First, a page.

Most online ad placement services use "programmatic advertising," which targets people instead of websites. That's why when you're online shopping for something like shoes, you may see an ad for those shoes across various sites you visit. With programmatic advertising, those shoes seemingly walk in your footsteps around the internet.
Previously, companies and ad agencies made sure their programmatic ads didn’t appear on porn sites, for instance. But they hadn’t made provisions to keep their ads off race-baiting, homophobic, "alt-right" sites like Breitbart.
For lots of companies, the decision to ditch Breitbart was apparently an easy one. “We determined that the site violates our hate speech prohibition,” an AppNexus spokesman told The Los Angeles Times.
Progressive groups that have been involved in the boycott efforts – including Avaaz, MoveOn, Ultraviolet, and SumOfUs – have recently focused their attention on Amazon and Google, two companies that continue to maintain relationships with the conservative site.
Here’s the bottom line: Breitbart’s online traffic has undeniably surged as the site has ridden the right-wing Trump wave, but that traffic isn’t being monetized. Breitbart’s recent rise in popularity is not only not attracting more advertisers, it’s running concurrent with a mass exodus of advertisers.
Note that Breitbart recently surpassed ESPN.com in terms of reader traffic. But does anyone think Breitbart, facing a reported 1,200-company ad boycott, is banking more ad revenue that ESPN.com? I certainly don’t. And I’m not alone.
“[P]eople inside the publication say the divergence between its web traffic and its ad revenues is fairly significant,” according to Fox Business.
It’s worth noting that Breitbart’s response to the ad boycott has shifted over time. One of the first high-profile advertisers to pull out from Breitbart was Kellogg’s, which announced its exit in November. (Breitbart wasn’t “aligned” with Kellogg’s' values, according to the company.)
Breitbart quickly swung into action, loudly denouncing the food giant by issuing a declaration of "war” against the “un-American” company and introducing the #DumpKelloggs rallying cry.
But as hundreds of additional advertisers followed Kellogg’s lead and bolted, it became clear that Breitbart’s initial defiant strategy didn’t work. Today, executives are noticeably mum about the sweeping ad boycott.
And the bad news for Breitbart? Once a flood of advertisers decides to leave offensive, right-wing media outlets, those advertisers rarely return.
Just ask Beck and Limbaugh.
Beck lost his Fox News show because the cable channel simply couldn’t find advertisers willing to support the wildly offensive host. (Especially after Beck called President Barack Obama a “racist” who "has a deep-seated hatred for white people or the white culture.") Fox News found out that having a show like Beck’s that attracted 2 million viewers was great. Having a show with 2 million viewers that couldn’t land advertisers didn’t make sense.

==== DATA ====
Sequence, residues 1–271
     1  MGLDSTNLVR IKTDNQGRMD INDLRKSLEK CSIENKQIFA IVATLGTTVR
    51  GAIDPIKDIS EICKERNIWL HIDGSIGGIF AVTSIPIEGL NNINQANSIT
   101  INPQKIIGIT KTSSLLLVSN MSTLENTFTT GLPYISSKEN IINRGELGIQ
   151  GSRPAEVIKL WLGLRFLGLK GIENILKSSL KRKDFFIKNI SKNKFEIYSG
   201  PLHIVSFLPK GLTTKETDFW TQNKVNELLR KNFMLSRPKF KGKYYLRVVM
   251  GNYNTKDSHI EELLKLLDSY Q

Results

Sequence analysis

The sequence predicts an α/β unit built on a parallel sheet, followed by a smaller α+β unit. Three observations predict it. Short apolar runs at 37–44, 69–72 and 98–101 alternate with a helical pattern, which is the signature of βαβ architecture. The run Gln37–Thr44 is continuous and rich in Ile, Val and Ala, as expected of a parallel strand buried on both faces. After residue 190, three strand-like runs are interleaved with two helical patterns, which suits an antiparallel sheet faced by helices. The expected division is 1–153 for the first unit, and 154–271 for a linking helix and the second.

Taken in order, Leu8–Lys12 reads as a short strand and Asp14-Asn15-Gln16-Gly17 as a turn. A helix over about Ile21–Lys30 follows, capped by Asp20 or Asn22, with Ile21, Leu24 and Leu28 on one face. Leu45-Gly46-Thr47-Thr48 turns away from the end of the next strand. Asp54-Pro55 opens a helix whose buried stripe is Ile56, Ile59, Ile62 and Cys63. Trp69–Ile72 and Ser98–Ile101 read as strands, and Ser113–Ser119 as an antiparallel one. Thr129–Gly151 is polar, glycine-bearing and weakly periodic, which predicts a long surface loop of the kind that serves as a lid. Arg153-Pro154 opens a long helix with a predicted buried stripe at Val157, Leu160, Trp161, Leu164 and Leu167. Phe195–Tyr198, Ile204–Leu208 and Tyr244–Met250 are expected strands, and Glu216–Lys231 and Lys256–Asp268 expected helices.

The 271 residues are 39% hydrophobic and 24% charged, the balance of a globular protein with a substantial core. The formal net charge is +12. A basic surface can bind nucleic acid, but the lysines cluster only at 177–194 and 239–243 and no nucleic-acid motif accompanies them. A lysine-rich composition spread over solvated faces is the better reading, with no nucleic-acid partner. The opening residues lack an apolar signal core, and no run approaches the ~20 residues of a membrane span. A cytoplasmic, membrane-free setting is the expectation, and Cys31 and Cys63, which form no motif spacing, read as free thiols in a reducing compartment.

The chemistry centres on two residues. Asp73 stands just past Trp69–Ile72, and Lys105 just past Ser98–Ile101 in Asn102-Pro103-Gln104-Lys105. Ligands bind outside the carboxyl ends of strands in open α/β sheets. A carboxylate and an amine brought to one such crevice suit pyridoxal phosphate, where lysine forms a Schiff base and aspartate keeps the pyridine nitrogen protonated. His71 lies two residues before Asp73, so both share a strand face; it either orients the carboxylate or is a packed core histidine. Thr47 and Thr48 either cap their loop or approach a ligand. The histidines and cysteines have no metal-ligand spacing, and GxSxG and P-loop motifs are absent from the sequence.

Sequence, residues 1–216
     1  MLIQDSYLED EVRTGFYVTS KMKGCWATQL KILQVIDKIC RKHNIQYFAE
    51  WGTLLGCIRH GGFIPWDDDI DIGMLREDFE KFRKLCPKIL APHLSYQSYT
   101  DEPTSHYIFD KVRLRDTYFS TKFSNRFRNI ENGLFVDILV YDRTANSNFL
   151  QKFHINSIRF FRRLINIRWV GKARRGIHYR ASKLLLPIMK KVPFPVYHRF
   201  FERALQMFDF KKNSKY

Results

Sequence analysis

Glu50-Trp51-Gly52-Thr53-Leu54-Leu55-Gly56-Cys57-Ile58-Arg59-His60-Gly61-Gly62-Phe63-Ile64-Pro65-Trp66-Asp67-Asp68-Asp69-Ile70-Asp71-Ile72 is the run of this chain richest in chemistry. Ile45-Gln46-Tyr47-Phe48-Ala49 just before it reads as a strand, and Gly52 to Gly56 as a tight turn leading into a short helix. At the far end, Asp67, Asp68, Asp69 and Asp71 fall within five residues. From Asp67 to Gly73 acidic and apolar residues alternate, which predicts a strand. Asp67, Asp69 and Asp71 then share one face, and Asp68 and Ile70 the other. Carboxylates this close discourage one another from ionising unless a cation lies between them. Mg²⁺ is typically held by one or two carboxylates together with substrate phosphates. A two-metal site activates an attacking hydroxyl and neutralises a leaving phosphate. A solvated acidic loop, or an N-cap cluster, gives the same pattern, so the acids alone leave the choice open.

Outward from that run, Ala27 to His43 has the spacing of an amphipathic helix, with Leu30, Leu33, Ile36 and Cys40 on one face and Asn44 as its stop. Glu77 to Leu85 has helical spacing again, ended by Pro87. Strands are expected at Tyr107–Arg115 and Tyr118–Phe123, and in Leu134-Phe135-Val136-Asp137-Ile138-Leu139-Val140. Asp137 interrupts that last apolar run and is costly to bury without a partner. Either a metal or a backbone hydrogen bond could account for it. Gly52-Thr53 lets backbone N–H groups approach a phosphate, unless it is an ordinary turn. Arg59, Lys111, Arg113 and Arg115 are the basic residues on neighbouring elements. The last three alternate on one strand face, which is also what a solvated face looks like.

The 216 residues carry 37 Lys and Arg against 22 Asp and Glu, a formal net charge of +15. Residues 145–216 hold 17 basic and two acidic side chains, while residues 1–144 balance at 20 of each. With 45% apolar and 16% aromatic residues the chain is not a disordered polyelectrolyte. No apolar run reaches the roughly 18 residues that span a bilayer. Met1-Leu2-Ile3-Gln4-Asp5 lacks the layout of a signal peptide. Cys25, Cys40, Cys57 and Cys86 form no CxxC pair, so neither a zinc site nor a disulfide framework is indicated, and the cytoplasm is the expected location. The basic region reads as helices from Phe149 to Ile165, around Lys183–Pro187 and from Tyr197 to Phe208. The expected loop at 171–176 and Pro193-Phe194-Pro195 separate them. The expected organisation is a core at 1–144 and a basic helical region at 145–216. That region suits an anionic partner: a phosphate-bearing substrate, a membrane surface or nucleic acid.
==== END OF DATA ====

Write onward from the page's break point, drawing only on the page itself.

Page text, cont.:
Limbaugh has also watched as hundreds of radio advertisers fled his program and wrecked his business model. Madison Avenue’s rejection of Limbaugh was sparked by the AM talker’s days-long sexist meltdown over Sandra Fluke in 2012. Unable to land advertisers, Limbaugh was soon demoted in major radio markets such as Boston, New York, Los Angeles, and Indianapolis, where he was shipped off to weaker, underperforming stations.
Today, the larger question for Breitbart is, how much does this matter? Because here’s the truth about Breitbart: It behaves more like an "alt-right" think tank, or a super PAC, than a news organization. And like lots of purely partisan conservative entities, Breitbart is privately funded by rich ideologues, with a mission to drive a political agenda, not to publish journalism.
Robert Mercer has reportedly given Breitbart “at least $10 million.” Mercer is a billionaire hedge fund manager, and he and his family’s foundation (which is headed by his daughter Rebekah) have emerged as key Trump allies who have given millions of dollars to far-right causes in recent years, causes like the Heritage Foundation, Citizens United, the Media Research Center, and the Cato Institute. Note that there's no record of the Mercers doling out millions of dollars to nonpartisan journalism enterprises. They dole out millions to purely partisan, right-wing political operations.
In truth, there’s little indication that without rich donors Breitbart could survive in the marketplace as an advertising-driven entity. Like the New York Post and other conservative outlets with failed business models, Breitbart needs the support of deep-pocketed ideologues to stay afloat.
So for now, Breitbart relies on people like Mercer to pay the bills, while more than a thousand advertisers insist they want nothing to do with the "alt-right" site.